Sale of old church: Council agrees – Hasso Hering


A perspective from Oregon’s mid-Willamette Valley

Sale of old church: Council agrees

Written February 9th, 2015 by Hasso Hering
The old church at Main and Santiam will need plenty of work.

The old structure at Main and Santiam will need plenty of work inside and out.

So yes, Good Samaritan Ministries Albany will get a chance to take on the project of restoring the crumbling Cumberland Presbyterian Church at 401 Main Street, but not right away. First there is the city land-use permitting process to overcome, and that’s expected to take three to four months.

The city council Monday agreed with a staff recommendation to give the historic and long-vacant church to the religiously oriented group for $111, as the group proposed. GSM plans to restore the 1892 building over the next five years,or so, paying for the work with donations and grants, and use the building as the headquarters for counseling and other support programs, especially for people in the neighborhood.

The council wants two conditions: Completion of the land-use process before the sale is done, and a provision that the building would go back to the city if the organization fails to follow through. Details would be worked out in a contract between GSM and the city.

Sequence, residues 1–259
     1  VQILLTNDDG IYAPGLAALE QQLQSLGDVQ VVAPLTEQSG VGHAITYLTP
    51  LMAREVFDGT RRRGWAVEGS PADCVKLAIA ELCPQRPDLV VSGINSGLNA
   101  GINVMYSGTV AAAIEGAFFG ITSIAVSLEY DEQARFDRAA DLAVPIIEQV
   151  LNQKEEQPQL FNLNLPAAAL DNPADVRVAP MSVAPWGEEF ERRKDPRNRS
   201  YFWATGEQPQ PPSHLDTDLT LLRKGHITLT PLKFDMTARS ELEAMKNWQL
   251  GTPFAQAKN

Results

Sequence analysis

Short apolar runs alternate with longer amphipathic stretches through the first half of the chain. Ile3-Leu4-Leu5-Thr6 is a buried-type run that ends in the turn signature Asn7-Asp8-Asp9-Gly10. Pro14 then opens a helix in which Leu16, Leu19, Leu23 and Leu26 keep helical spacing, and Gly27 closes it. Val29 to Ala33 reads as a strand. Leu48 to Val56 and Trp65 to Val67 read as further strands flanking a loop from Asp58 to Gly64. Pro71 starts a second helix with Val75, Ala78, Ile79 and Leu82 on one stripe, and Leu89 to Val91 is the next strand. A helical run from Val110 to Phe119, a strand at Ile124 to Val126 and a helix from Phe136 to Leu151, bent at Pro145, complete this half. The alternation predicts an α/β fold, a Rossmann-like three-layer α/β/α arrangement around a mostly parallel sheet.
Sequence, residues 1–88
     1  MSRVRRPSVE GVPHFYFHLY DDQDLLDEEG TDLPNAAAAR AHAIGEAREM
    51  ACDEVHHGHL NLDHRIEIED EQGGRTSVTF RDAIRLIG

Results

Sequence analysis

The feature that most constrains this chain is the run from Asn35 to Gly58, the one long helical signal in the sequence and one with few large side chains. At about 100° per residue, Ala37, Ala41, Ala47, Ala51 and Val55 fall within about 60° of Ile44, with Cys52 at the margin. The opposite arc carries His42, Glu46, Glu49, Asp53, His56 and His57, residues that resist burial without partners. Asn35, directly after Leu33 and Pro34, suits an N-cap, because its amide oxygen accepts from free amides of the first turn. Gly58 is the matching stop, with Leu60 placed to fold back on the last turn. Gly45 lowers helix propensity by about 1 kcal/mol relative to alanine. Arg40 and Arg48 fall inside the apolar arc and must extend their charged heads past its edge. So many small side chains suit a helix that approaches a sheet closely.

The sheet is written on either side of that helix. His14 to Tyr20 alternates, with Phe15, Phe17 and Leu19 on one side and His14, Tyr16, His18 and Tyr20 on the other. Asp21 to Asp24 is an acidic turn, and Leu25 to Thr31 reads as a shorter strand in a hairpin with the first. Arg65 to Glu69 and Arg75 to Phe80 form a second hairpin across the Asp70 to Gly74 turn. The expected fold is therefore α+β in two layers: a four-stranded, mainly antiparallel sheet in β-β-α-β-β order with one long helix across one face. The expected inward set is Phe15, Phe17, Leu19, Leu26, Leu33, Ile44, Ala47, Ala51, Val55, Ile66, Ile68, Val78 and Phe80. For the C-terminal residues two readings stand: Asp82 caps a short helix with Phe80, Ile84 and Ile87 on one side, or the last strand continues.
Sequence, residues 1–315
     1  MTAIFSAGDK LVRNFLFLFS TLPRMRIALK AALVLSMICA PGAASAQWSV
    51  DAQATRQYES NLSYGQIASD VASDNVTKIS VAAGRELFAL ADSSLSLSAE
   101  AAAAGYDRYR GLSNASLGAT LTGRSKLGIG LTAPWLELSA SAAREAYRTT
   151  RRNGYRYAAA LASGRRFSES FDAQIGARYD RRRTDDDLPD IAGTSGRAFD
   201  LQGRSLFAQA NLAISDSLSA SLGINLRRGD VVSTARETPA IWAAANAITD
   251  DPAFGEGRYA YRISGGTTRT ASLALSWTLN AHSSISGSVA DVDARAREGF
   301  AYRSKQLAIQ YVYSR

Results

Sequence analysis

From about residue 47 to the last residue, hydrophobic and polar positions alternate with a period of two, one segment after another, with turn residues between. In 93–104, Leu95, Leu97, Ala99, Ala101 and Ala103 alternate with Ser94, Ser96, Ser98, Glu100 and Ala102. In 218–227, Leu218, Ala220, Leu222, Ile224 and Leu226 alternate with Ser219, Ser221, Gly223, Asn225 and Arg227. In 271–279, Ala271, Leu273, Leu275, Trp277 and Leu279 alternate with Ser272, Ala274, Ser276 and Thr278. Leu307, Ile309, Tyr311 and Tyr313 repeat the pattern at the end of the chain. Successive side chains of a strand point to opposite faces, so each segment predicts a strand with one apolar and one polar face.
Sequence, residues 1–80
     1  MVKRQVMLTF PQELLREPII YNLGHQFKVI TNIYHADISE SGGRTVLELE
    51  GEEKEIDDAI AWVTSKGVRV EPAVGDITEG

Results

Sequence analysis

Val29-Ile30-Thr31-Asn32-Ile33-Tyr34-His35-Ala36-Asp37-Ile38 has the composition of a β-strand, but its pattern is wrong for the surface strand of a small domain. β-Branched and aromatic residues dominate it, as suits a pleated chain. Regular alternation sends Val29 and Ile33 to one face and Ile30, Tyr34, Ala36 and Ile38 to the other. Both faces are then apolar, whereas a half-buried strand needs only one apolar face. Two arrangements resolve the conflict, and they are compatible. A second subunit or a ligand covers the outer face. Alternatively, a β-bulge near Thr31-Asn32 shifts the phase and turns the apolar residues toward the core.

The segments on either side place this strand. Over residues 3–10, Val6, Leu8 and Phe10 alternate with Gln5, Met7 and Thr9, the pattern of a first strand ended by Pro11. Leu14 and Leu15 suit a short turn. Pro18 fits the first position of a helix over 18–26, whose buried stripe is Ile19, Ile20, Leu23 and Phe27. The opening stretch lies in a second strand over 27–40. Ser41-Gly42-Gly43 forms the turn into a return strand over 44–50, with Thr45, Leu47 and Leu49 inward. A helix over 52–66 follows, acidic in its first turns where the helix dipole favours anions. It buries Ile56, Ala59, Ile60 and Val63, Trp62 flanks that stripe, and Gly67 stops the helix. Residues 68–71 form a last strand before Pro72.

The building has been vacant for years, so it apparently needs a conditional use permit to be operated for the programs GSM intends to run there. As part of that, the organization will have to formalize agreements with Carriage House Plaza, across Santiam Road, and the Whitaker’s paint and floor covering store, across Main Street, to use their parking spaces when they’re not otherwise needed.

The city bought the propperty for $150,000 in 2000, thinking the lot would be needed to reconstruct the Main-Santiam junction, but the plans changed by the time the project was done in 2014 and the property was declared surplus. City maintenance expenses on the structure averaged $7,000 over the last few years, according to the staff.

A couple of points that occurred to me: Since the sale won’t be done until the conditions are met, it’s the city as owner that will have to file the permit application, meaning the city will conduct that process gratis, without the usual filing fee. But on Monday that subject did not come up. Also not discussed: Why it should take three to four months to process a noncontroversial permit. (hh)

Comments are closed.


Cycle around town!
Copyright 2020. All Rights Reserved. Hasso Hering.
Website Serviced by Santiam Communications
Do NOT follow this link or you will be banned from the site!